During the interview my mind was clear. The guy told me that we would have kept talking at a nice restaurant nearby. I thought a sarcastic “Great!” I couldn’t check my blood sugar, but after having the baseline at its 85% surely I didn’t need to eat! Once at the restaurant I carefully avoided any source of carbohydrates or fruits, and ordered meat and a mixed salad, instead. The meat gets metabolized after 6 hours since you eat it, so my meal wouldn’t have contributed to increase my blood sugar of a bit while I was there. Again, my mind is clear. At this point I have neatly perceived the culture of the company, its successes and its flaws. The guy brilliantly goes to the restrooms giving me the opportunity to check my blood sugar: 143mg/dl (not bad considering the situation!). I don’t have time to calculate the correction bolus. I quickly push the buttons for 0.2. He’s back and didn’t see me playing with my pump. We keep talking and talking and talking.
Okay, the story ends with me not being offered the job. But it doesn’t really matter. As a professional that interview was a great opportunity for me to clarify first of all to myself what I want and surely what I don’t want from a job. As a diabetic I proved to myself that with a little bit of extra attention to my body, I’m capable of managing things pretty well also in highly stressful situations.
I would love to hear your stories or to address your inquiries.
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Then, my blood sugar was all over the place with highs and lows that I simply couldn’t keep up with through regular injections. I had to switch to the pump. And thank God I did! Life is much easier than it was. I have more flexibility in terms of what and when I eat, something priceless to me. But this is not the point. I realized that despite the incidence of diabetes in the young and less young population, the majority of people don’t have a clue on what diabetes actually is and what its management requires.
People obviously recognize a syringe when they see it, but what about an insulin pump? Do they know what it is? Today with a good level of confidence I say that many people don’t.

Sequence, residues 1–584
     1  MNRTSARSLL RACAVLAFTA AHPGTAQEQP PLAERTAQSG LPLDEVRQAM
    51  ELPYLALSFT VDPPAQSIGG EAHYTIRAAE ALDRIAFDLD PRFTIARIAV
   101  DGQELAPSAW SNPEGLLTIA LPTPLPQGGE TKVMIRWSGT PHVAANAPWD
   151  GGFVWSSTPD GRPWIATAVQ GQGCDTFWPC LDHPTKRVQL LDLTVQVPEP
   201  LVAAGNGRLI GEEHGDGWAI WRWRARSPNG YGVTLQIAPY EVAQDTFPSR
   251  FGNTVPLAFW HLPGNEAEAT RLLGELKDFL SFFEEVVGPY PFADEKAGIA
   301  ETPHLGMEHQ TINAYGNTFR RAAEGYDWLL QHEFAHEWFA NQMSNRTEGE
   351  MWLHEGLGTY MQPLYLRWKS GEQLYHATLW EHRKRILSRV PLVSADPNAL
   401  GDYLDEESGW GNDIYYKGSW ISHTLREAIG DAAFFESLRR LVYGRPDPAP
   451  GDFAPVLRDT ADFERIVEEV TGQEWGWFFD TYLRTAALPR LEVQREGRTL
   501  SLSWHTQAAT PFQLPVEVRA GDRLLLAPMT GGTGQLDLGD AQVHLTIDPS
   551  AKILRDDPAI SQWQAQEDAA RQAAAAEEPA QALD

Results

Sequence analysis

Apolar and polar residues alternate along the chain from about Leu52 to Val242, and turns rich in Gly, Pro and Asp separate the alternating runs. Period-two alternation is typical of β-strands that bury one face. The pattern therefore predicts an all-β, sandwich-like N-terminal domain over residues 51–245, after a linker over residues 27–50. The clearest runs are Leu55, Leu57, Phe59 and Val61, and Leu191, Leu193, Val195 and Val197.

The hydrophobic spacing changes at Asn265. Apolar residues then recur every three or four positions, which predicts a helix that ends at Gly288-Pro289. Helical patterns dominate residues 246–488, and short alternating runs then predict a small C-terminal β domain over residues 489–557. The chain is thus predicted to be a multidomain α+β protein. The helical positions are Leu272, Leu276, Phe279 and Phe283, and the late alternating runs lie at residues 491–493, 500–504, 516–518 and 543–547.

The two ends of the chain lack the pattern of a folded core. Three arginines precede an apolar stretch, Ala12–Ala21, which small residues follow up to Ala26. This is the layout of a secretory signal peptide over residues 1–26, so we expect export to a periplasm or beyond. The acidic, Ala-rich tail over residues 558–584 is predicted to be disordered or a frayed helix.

My name is Alice, and I named my pump Alice2, like if it was my alter ego. When I go somewhere new, I am not usually questioned about Alice2, but when I become a frequenter of a place, the curiosity of people that see me “playing” with my pump speechlessly emerges. Similar versions of what I’m going to tell you have occurred several times over the years. This is just what happened more recently, last week. I am at a dance party, sitting on a bench while setting a temporary baseline. A nice fellow, with whom I talked several times but never about diabetes, sits next to me. I can feel his eyes on my pump and me. He doesn’t ask. He sits next to me, and just looks. Then, I look back at him and I say, “ Yeah, I’m diabetic”. I can read the surprise on his face. I finally hear his voice “Diabetic?? Wow, I had no idea!! I thought you were someone important, and that you were on call.” I laughed. But then, while holding my pump, I turned serious and half facetious when I said, “ I don’t want you to think that I am less important just because this is not a pager”. He smiled and said that a couple of years ago had a kidney transplant after several years of dialysis. I would have never imagined it.
So, if you have Type 1 Diabetes and refuse the pump because you don’t want other people to know, my invitation is to reevaluate your position. People who know what a pump is and how it looks like or how it works are usually really close to someone with diabetes, if are not diabetic themselves. Your life can be much better! So, why not choose to be on a pump?